The Work: Le Jockey
The Artist: Henri Toulouse-Lautrec

Le Jockey, 1899
by Henri Toulouse-Lautrec
Color lithograph on Chine volant,
518 x 362 mm; 20 3/8 x 14 1/4 inches (sheet).
Second state (of 2). Edition of approximately 112. Printed by Stern, Paris. Published by Pierrefort, Paris. A superb impression of this scarce print with strong colors.
Toulouse-Lautrec created this lithograph (also published in an edition of approximately 100 in black), along with three other equestrian racing subjects, while undergoing treatment at a private psychiatric hospital at Neuilly for his worsening health, hallucinations and severe depression.
Swann Gallery Auction on September 21 to 23
Estimate $30,000 - 50,000

Below: Henri de Toulouse-Lautrec, Portrait of Vincent van Gogh (1887), Van Gogh Museum, Amsterdam
Henri Toulouse-Lautrec (Henri Marie Raymond de Toulouse-Lautrec-Monfa)

Born: November 24 1864, Albi, Tarn, France
Died: September 09 1901 (aged 36), Saint-André-du-Bois, France
Resting place: Cimetière de Verdelais
Known for: Painter, printmaker, draughtsman, illustrator
Movement: Post-Impressionism, Art Nouveau
Family Background and Training
Henri de Toulouse-Lautrec was born into the aristocracy on November 24, 1864, in Albi, France. His parents, Adèle and Alphonse, were first cousins said to be descended from previous instances of family inbreeding, and as such Toulouse-Latrec and his cousins suffered related physical ailments. Both of Toulouse-Lautrec’s femurs were fractured during his teens, a condition believed to have contributed to his later height, with the young man reaching a height just above 4 1/2 feet, having a full-length torso with shortened legs and walking with the use of a cane. (It has been hypothesized he suffered from pycnodysostosis, though others have questioned this.) He would also endure painful toothaches and facial deformities during his life as well.
Yet Toulouse-Lautrec, like other members of his family, would find solace in the world of art, taking up sketching before reaching his adolescence and honing his craft during his long periods of recuperation from health issues. He attended the Lycée Fontanes in Paris for a time in the early 1870s, and later studied with René Princetau and John Lewis Brown. These artists focused on animal portraiture and thus influenced some of Toulouse-Lautrec’s sensibilities later in his career. In 1882, Toulouse-Lautrec decided to study under Léon Bonnat before working under Fernand Cormon the following year.
La Vie Boheme
In 1884, Toulouse-Lautrec moved to the Montmartre section of Paris, an area known for its bohemian life, which included live musical performances, bars and brothels. He created art to accompany the music of singer/composer Bruant, who also owned a cabaret where Toulouse-Lautrec was able to showcase his pieces. Over time, Toulouse-Lautrec built a stellar reputation with his depictions of regular Montmartre denizens and celebrities. Some of his most prominent subjects included the stage star Yvette Guilbert, as well as dancers like Jane Avril and Loïe Fuller, with the latter known for her luminous, skirt-swirling dancing.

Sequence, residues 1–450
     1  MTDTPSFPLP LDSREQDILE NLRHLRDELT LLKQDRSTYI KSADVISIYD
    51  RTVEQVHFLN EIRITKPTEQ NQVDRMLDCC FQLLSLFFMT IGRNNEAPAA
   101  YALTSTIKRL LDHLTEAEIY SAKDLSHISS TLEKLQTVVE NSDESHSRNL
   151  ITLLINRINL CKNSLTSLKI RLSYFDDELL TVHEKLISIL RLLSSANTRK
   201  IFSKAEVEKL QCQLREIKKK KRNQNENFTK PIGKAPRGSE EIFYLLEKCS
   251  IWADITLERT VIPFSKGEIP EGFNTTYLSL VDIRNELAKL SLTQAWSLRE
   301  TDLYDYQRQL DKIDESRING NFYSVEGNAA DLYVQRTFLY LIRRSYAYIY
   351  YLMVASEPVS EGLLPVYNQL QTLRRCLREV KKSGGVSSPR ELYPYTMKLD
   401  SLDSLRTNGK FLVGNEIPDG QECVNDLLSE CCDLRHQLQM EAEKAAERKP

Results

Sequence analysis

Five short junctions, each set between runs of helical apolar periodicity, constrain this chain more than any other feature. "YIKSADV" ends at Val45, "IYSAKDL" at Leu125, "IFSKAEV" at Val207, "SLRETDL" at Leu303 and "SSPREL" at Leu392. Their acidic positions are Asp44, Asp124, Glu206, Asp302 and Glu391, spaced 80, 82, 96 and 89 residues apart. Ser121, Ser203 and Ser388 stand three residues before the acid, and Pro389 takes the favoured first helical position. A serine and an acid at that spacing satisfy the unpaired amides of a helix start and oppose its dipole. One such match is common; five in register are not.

Toulouse-Lautrec created works on canvas yet also chose to display his work in the more popular medium of posters, thus becoming a highly sought after creative force known for his unique style. He was greatly influenced by Japanese ukiyo-e woodblock printmaking as well as by fellow artist and Impressionist Edgar Degas, who lived nearby at one point.
Depictions of Women
Some of Toulouse-Lautrec’s most well-known works include the print The Englishman at the Moulin Rouge and the paintings At the Moulin Rouge (in which the artist depicted himself in a group mix) and Rousse, showing a woman in a café. As opposed to many of his contemporaries, art critics have pointed out that Toulouse-Lautrec was also known for his humanistic, realistic depictions of women, eschewing fantasy to accurately reflect the circumstances of many of the people he came to know.
Many of his pieces also captured sex workers in moments beyond erotic objectification. This idea was seen in Toulouse-Lautrec’s famed 1896 brothel series of prints, Elles, as well as in the 1897 painting Woman Before a Mirror.
“Lautrec presents her neither as a moralizing symbol nor a romantic heroine, but rather as a flesh-and-blood woman . . . as capable of joy or sadness as anyone,” said Cora Michael, curator of prints and drawings at the Metropolitan Museum of Art, in reference to the latter work. “Indeed, the directness and honesty of the picture testify to Lautrec’s love of women, whether fabulous or fallen, and demonstrates his generosity and sympathy toward them.”
Great Emotional Suffering
Though presenting himself as a witty, fun man about town, Toulouse-Lautrec suffered greatly emotionally due to his physical ailments as well as past family trauma, with his father never accepting his son’s decision to become a professional artist. He had also contracted syphilis, which further impacted his health. As he had for much of his adult life, Toulouse-Lautrec turned to alcohol to deal with his pain and would ultimately drink himself into oblivion. He had a nervous breakdown in 1899 after his mother, whom he was close to, decided to leave Paris, and was committed to a sanitarium for several months.
Death and Legacy
Henri de Toulouse-Lautrec died on September 9, 1901, at the Château Malromé in Saint-André-du-Bois at 36 years old, leaving behind more than 700 canvas paintings, 350 prints and posters and 5,000 drawings, among other works. As such, he is seen as a seminal pioneer to a number of movements, including the world of pop art, and is an early forerunner to later icons like Andy Warhol. In 1994, the biography Toulouse-Lautrec: A Life was published, written by scholar Julia Frey, adding prose to an array of art publications on his work. -

Henri de Toulouse-Lautrec, Carmen Gaudin, 1885, Oil on canvas